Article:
Tuesday, April 21, 2009

Kicking the Credit Card Habit

My name is John and I'm a recovering credit-aholic.

When I was younger (read: without children and less concerned about money) I had a habit of buying things with a credit card. It was not the smartest thing I ever did, and one day I found myself wondering just how I had managed to build such a huge amount of debt. So several years ago, my wife and I began the process of weaning ourselves off credit cards. We have managed to reduce our credit card debt to very reasonable levels today (though we still have balances) and we did it without taking out home equity loans to do so. We just worked harder at not buying stuff we didn't need and began to purchase only what we could pay for with cash. If the cash was not available, the item was not purchased. It seems we changed our ways just in time.

Last week I was sent a letter from Bank of America. They own one of the 2 credit card accounts I have. They wrote to notify me of a pending rate change – a big one. After more than 15 years, first with MBNA and later with Bank of America (BoA) following a buyout, I would have thought that perhaps someone there appreciated my business. But apparently not.

It seems BoA does not care that my outstanding balance is less than 25% of my available credit line. It would appear that my predictable and reliable monthly payments (on which I am never late) also don't matter to them. They have decided that effective May 2, 2009 my rate should be more than doubled from 8% to 19%. That seems a bit excessive to me for an account in good standing that is being paid without issue.

According to the notice, I had the option to refuse the increase in writing, which I did (and not in a nice way I may add). But refusing the increase means that any charge to the account from that moment on results in the higher rate being applied to current and future balances. Thus, the card came out of my wallet and I began to track down any automatic charges from places like Maine's Turnpike Authority that resupplies my EZPass account with the card. Luckily, this process was short and I was able to turn the automatic payment options off.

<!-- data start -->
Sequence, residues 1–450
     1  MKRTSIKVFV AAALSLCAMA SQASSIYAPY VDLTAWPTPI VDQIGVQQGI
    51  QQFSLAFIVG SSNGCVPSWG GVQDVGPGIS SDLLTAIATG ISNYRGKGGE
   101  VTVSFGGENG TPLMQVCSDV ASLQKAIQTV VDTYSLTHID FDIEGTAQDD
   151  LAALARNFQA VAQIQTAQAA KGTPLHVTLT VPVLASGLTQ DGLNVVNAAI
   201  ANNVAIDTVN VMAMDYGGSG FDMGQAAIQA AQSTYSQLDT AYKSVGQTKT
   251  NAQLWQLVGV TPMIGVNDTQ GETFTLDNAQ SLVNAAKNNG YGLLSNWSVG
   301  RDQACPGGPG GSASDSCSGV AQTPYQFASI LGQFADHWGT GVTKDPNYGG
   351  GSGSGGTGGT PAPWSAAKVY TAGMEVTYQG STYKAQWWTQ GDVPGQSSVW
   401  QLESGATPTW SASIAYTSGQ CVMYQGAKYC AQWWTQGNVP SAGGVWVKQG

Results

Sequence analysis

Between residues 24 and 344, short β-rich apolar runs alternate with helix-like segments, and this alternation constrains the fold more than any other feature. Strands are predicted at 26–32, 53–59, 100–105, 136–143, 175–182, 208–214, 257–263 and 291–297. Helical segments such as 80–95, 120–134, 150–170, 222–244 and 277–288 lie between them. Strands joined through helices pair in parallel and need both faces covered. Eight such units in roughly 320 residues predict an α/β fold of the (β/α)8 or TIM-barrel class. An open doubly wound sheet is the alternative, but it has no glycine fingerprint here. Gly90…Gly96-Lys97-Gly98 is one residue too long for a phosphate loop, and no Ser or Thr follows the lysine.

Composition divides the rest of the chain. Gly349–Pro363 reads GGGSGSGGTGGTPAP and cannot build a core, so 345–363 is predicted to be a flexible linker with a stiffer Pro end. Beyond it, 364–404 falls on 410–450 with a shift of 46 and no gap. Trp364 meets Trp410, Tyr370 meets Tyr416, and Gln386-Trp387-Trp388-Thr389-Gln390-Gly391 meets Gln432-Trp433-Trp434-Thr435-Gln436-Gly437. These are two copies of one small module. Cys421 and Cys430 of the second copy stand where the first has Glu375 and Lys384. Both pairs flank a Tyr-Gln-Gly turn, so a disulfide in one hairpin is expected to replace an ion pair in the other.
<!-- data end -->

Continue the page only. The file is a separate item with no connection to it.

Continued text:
My balance is small enough that I can pay it off in a few months, which will be my focus from today forward. I will then cancel the account and never do business with BoA again.

I am left by the experience feeling more than angry. First of all, BoA received TARP funds in a tax-payer funded bailout for their losses. Now, they are coming after more of my money via a massive rate hike. There just never seems to be an end to their need for cash. Therefore, I can only deduce that they are in even more trouble than we have been led to believe. If BoA is in enough trouble that they are willing to sacrifice the future for today – because I am sure I will not be the only account holder they will lose as a result of this tremendous increase – then they must be looking at the very real possibility of not being around in a few years.

But they are not alone in their fear. The government is also very concerned that the financial industry is falling down around us, and will do almost anything to boost confidence in the banks. The recent “stress tests” the government conducted on the biggest banks in the country (BoA included) was mostly smoke and mirrors (see Nouriel Roubini's blogpost from April 13, 2009) and thus should not be relied upon for any accurate picture of the banks' stability.

But it's not just big banks that are in trouble. All financial companies are facing huge defaults on auto loans, mortgages and credit cards. No one appears to be immune in today's environment.

I have only one other credit card and that is through Discover. While I have been writing this post, I received a notice from them as well (ironic, no?) that also advised me of a rate hike on that account. While that one is not as steep (from 7% to 13%) I don't have a balance there to worry about. But that makes the next step that much easier. The letter canceling the account will be what I type as soon as I am finished here.

Like any addict in recovery, I have learned to live without my abused substance. Now, I will just take the final step and remove what I had considered to be an insurance policy from my wallet. It's long past time to operate strictly on a cash only basis.


  1. Johnny
    Any reason theyr'e singling you out?
    Sounds like the Pusher Man is done fronting your financial Crack.

  2. Or they're raising rates while they still can.

    Obama met with a bunch of credit card company CEO's today and told them he supported legislation that will reduce and curtail their ability to raise rates without a reason.

    Fed regs supporting the same are due to take place in July 2010. My guess is they need the money now and they can still do so with impunity.